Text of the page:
4. Program Appendices
a. Water and Wastewater
b. Fuel Storage
d. Michigan Department of Environmental Quality (MDEQ) State Laws Related to Water and Land
“In conclusion, the MTESP three ring binder stays on my desk for access to handle questions from students, faculty, staff, community and the media. Since adopting the MTESP program 6 years ago, I have become a member of the steering committee, representing Michigan Sports Turf Mangers. Professors and students have invited me to environmental workshops. The program has turned the Albion College Grounds Department into a proactive environmental operation. As I said earlier, this is not proprietary to the golf course industry. The golf course industry needs the sports turf managers participation to continue the growth of programs like the MTESP.”
Thoughts and comments
What I have come to learn from this adventure is that in general all the different sections of the country have the same problems or concerns. I know that water is huge in the South and West but water is an environmental concern everywhere. I know that pesticide usage has come under tremendous scrutiny on Long Island and that there are many sections of the country considering bans on inorganic fertilizers. What impact will legislation in one section of the country have on you?
There is an old saying that all politics are local. What that implies is that in order for any politician to succeed they must have the most basic support. Ideas and power ultimately come from the local level. The same is true when it comes to environmental awareness and what is now termed the green movement.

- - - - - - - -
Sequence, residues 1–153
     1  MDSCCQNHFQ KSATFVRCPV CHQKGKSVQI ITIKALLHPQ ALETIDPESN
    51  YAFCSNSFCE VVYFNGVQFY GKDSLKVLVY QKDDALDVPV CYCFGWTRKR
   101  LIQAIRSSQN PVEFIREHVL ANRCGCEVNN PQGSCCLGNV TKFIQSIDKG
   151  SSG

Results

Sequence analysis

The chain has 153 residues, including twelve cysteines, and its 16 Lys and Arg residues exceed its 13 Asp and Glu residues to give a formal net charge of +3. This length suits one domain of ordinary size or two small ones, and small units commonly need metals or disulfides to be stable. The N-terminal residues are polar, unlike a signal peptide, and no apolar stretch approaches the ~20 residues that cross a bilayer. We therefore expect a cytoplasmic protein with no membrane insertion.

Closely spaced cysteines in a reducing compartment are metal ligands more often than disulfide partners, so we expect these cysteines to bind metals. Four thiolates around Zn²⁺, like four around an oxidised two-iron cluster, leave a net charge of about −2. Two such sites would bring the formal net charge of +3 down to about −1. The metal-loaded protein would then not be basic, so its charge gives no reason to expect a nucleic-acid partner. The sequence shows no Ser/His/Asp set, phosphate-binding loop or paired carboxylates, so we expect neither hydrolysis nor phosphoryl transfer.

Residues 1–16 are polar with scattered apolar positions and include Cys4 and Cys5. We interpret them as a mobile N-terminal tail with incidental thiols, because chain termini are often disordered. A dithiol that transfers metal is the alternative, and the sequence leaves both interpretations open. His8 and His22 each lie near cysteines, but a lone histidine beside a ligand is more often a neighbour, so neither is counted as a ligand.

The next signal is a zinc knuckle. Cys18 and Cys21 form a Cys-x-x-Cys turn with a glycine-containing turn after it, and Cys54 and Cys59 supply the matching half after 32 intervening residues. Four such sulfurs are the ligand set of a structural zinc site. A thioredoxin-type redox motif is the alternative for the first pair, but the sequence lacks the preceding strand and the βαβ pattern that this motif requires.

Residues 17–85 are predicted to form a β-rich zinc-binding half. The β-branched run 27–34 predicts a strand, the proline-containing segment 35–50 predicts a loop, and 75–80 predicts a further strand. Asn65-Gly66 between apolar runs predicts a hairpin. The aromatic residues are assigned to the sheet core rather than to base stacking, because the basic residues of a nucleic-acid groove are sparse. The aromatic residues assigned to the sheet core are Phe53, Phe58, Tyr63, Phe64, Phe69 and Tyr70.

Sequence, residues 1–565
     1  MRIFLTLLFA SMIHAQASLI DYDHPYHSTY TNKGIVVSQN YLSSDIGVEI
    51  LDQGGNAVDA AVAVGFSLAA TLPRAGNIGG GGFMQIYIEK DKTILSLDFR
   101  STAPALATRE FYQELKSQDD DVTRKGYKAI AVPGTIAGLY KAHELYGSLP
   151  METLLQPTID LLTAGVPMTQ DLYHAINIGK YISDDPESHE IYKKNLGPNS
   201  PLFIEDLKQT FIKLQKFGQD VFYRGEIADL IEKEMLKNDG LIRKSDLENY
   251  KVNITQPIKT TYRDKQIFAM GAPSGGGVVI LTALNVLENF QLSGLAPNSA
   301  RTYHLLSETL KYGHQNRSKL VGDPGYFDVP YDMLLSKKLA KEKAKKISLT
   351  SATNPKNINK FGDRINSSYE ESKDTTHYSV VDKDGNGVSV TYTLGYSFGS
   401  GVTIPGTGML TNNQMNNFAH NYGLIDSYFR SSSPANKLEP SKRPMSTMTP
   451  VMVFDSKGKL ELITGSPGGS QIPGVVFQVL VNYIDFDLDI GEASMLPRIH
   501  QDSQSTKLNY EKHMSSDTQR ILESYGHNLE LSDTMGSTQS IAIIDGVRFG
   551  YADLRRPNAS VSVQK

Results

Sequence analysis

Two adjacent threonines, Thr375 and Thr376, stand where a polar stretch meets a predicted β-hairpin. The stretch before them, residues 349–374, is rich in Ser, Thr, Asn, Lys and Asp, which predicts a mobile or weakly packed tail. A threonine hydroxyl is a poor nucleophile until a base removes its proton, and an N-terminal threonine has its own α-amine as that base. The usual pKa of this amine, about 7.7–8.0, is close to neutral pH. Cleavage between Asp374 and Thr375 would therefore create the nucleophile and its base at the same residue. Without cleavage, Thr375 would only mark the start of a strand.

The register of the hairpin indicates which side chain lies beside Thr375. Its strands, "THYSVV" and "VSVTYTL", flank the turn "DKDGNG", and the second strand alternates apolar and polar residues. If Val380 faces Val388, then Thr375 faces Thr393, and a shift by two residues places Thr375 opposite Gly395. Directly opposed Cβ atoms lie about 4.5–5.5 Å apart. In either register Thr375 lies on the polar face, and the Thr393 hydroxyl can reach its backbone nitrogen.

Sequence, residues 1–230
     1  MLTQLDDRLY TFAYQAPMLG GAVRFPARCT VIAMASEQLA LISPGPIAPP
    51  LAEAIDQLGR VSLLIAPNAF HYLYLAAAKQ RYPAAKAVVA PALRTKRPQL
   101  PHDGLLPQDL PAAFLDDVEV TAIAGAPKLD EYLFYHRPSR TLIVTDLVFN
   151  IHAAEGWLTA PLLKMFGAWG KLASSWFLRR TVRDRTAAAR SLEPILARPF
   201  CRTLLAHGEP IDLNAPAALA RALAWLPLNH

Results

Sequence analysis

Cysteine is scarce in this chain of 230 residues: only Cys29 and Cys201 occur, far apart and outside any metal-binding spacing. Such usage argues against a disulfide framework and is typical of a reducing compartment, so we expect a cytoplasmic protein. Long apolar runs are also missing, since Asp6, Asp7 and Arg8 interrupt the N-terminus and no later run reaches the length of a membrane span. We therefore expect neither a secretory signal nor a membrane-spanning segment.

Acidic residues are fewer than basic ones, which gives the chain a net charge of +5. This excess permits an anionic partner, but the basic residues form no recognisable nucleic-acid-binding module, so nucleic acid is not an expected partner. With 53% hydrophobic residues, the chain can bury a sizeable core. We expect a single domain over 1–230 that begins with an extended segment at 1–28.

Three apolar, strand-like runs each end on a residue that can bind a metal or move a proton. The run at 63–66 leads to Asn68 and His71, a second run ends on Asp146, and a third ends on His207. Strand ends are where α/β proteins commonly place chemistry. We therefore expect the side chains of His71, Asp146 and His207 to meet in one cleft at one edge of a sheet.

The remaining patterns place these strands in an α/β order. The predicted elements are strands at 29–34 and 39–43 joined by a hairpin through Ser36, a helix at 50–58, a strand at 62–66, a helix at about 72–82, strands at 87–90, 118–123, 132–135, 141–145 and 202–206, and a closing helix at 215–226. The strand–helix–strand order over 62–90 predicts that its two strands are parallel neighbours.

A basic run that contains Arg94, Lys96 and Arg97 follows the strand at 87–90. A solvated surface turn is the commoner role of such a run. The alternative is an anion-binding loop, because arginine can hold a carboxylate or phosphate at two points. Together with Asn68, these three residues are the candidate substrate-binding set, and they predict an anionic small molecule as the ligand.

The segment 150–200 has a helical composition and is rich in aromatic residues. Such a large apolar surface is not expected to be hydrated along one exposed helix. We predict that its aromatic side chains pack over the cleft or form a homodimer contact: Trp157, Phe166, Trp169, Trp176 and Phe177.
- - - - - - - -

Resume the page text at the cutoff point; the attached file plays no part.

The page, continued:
Think about this for a moment, when it comes right down to it, who is responsible for the most basic forms of environmental conservation? It is you, the individual that makes choices on a minute-to-minute basis regarding everything you do in your life. Let’s take one example; plastic this seems to be a hot topic these days. Can you make a choice not to use plastic? Not very easily. But each of us can choose how we deal with the plastic when we are done with it. Recycle, reuse or refuse. Those are our choices.
Here are some numbers for you to think about as you make your daily choices concerning just one plastic item, plastic water bottles. How many of these are in your trash each day? I know these make up the bulk of the trash at the National Soccer Hall of Fame. Even with recycle bins!
Take a look at what I found on this website, www.endbottledwater.com. I received permission to use their text and statistics.
“Because of the uncertain safety of tap water and the desire for convenience, Americans have created an unprecedented market for bottled water. This convenience has come at a steep price for both our pocketbooks and our environment. In 2006, Americans purchased over 30 billion bottles of water at prices higher than milk or gasoline. Approximately 26 billion of the waste plastic bottles ended up in landfills or in incinerators. Overall, we used the equivalent of more than 17 million barrels of oil to just manufacture the plastic bottles and this does not include the energy to transport, store and refrigerate these bottles on their way to our homes.”
What does all this have to do with us being turf managers? Everything; because it is just one little item that we don’t give a lot of thought to and it begs us to ask how many other items or products do we deal with each day that impact the environment in ways that we never think about? What is the big picture and what is our role in it?